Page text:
The Burrell Collection is one of the finest post-war buildings in Britain. Glasgow Life’s radical makeover threatens to change it forever, says Robin Ward
Nineteenth-century Glasgow was a city-state of civic and commercial enterprise, industries and arts. Wealth was created and philanthropy motivated. The Burrell Collection is the most bountiful example. The gallery built to house it, which opened in Pollok Country Park in 1983, put post-industrial Glasgow on the international cultural map.
William Burrell (1861-1958) was a local shipowner who made a fortune, which he spent on art. His collection is one of the finest and most diverse in the world assembled by one person. He bequeathed it—around 9,000 artworks—to the city in 1944. It was a mysterious hoard—everything from Chinese antiquities to medieval stained glass, architectural fragments and French Impressionist paintings—not well known until the gallery for it was built.
His bequest to the city of his birth required the collection be located in a rural setting, away from the urban smog of the time. In 1967 Pollok Park became available, thanks to the generosity of the Maxwell family, whose estate it was. In 1971 an international design competition was held. The winning design, by architects Barry Gasson, Brit Andresen and John Meunier, accommodated the collection sympathetically and responded intelligently to the site: a meadow with woodland on two sides.
The original entrance pavilion and foyer, in Dumfriesshire sandstone, is Scottish vernacular in style. It leads to an atrium like a Victorian sculpture court. Structurally this is clearly of the late 20th century, as is the rest of the building in form and style. The spatial sequences throughout are a delight and the collection captivating.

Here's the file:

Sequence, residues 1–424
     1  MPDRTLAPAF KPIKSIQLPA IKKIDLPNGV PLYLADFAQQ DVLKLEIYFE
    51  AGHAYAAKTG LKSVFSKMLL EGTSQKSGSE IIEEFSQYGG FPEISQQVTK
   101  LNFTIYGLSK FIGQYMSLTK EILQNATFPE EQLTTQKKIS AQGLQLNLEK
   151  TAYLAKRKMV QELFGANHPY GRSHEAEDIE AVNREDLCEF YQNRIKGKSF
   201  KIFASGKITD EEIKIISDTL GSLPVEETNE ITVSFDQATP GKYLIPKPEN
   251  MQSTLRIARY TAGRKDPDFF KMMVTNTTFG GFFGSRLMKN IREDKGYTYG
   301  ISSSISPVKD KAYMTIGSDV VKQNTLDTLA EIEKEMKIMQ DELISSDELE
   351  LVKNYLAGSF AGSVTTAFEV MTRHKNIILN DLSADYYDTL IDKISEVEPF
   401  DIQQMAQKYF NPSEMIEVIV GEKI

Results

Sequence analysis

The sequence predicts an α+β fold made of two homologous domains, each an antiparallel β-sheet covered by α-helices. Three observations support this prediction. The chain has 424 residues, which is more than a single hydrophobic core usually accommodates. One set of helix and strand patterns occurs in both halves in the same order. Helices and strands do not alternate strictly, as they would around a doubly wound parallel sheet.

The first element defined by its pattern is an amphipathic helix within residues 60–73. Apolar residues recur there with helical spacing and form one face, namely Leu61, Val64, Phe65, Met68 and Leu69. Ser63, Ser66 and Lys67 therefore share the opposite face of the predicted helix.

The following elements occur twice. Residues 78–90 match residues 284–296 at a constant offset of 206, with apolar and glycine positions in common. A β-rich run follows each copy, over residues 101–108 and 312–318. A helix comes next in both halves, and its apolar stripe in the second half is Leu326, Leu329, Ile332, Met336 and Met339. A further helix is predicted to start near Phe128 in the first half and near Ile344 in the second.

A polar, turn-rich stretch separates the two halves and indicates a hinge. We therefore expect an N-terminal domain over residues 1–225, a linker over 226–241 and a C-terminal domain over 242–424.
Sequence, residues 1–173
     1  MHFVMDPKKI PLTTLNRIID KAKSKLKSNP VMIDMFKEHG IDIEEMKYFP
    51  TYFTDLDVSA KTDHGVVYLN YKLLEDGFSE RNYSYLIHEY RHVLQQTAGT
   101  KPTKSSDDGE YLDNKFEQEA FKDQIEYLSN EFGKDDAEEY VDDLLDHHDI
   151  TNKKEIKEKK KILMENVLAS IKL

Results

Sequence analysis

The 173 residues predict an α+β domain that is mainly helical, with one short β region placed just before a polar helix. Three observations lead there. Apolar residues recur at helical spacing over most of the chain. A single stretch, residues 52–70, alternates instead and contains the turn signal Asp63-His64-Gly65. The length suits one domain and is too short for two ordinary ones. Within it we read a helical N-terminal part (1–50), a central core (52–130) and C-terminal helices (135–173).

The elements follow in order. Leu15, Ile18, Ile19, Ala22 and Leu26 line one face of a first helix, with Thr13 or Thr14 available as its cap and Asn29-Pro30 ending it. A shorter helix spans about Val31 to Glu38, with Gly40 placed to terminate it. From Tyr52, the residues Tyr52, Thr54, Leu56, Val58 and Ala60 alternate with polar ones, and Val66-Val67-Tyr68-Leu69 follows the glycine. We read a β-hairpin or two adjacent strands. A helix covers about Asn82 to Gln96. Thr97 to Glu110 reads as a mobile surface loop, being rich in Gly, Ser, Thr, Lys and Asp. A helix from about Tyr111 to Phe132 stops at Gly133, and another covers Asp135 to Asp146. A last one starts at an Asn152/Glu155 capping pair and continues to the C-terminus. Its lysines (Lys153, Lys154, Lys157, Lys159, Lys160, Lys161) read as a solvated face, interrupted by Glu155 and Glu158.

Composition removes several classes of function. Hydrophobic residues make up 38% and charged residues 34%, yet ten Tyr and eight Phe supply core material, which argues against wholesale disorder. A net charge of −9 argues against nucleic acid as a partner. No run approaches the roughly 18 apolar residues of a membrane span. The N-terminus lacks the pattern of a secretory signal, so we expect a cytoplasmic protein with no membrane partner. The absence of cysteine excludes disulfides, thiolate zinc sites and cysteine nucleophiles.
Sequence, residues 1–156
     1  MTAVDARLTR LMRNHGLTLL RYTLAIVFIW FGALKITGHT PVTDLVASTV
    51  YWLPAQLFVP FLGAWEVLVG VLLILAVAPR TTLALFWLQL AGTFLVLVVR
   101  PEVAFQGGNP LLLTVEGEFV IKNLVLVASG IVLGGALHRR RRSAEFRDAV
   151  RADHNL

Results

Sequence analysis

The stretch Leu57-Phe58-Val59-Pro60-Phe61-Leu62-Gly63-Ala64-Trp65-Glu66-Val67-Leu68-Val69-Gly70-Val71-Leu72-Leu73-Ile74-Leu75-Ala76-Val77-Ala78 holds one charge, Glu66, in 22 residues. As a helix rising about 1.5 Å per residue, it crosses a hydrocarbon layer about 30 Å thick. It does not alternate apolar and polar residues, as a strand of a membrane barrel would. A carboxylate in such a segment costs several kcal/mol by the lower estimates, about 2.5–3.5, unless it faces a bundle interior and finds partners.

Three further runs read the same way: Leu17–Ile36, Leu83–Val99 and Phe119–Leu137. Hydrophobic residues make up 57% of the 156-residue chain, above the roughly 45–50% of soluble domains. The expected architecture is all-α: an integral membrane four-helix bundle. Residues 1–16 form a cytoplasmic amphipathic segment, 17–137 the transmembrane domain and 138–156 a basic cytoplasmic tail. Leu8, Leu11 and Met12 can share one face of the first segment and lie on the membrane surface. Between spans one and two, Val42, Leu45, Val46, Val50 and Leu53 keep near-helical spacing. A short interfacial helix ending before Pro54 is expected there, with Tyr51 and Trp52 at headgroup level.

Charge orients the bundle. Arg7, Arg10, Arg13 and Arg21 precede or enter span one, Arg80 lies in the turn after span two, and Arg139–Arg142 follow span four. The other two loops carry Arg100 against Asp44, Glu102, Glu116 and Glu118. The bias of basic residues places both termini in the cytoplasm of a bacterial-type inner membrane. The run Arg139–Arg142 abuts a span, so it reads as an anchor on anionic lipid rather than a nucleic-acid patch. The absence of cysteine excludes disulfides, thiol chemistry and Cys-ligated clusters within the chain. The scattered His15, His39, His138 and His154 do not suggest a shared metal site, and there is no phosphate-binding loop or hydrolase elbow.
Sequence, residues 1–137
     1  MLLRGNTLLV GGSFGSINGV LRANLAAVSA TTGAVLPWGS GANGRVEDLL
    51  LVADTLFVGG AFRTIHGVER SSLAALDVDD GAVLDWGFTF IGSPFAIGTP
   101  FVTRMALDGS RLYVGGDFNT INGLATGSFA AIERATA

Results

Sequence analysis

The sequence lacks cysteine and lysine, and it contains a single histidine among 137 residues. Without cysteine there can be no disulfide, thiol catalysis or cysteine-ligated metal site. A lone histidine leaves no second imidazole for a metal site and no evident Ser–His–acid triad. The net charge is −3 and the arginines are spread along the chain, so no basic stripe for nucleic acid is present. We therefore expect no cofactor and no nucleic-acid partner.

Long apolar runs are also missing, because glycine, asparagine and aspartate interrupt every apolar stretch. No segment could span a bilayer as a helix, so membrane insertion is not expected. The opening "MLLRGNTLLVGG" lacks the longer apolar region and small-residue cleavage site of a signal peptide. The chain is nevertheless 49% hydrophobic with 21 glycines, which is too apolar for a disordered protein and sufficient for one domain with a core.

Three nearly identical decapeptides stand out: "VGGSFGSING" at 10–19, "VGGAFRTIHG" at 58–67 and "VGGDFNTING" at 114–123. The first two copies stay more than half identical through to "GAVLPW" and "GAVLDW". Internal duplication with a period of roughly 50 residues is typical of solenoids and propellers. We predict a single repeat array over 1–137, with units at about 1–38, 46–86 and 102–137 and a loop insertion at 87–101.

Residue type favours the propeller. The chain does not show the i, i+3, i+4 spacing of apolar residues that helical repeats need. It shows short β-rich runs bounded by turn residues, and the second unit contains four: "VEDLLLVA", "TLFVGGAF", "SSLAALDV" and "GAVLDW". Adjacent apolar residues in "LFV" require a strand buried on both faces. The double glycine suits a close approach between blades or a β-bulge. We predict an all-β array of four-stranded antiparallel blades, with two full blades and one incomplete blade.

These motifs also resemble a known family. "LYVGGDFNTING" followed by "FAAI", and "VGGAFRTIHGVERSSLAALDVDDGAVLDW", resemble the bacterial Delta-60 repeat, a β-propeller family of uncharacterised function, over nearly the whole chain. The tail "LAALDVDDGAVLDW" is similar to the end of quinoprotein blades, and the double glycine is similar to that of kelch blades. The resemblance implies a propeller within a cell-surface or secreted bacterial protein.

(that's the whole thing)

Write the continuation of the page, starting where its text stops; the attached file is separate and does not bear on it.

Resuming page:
Circulation is focused around the building envelope, with cross-corridors for orientation and access to areas where conservation requires low light. Along the north edge, floor-to-ceiling glass dissolves the conventional indoor/outdoor relationship, the woods outside appearing like a mural, as if part of the collection. The structure’s materials—laminated timber, steel and stone—are a comfortable fit with Burrell’s antique stone doorways. In an inspired touch, these were integrated into the building’s fabric. You walk through them, their history alive.
When the building opened it was widely praised and quickly became popular. In 2013 it was Category A-listed by Historic Environment Scotland as being of national and international importance. It still seems contemporary, free of stylistic polemics. Unlike the ‘iconic’ museums of recent times it was a model of restraint and tranquility created to serve the collection and the setting, not the egos of the architects.
Source: John McAslan + Partners
Last autumn, Glasgow Life, which runs the city’s museums for Glasgow City Council, closed the Burrell for an extensive makeover, by architects John McAslan + Partners. It is not expected to reopen until 2020. This ‘Renaissance of a world-class museum’ is needed to fix a leaky roof, replace glazing, modernise mechanical and electrical systems, reduce the building’s carbon footprint and reverse a decline in attendance. Spatial interventions will allow more of the collection to be shown than the 20 per cent displayed at any one time previously, and accommodate 21st-century interpretation of it.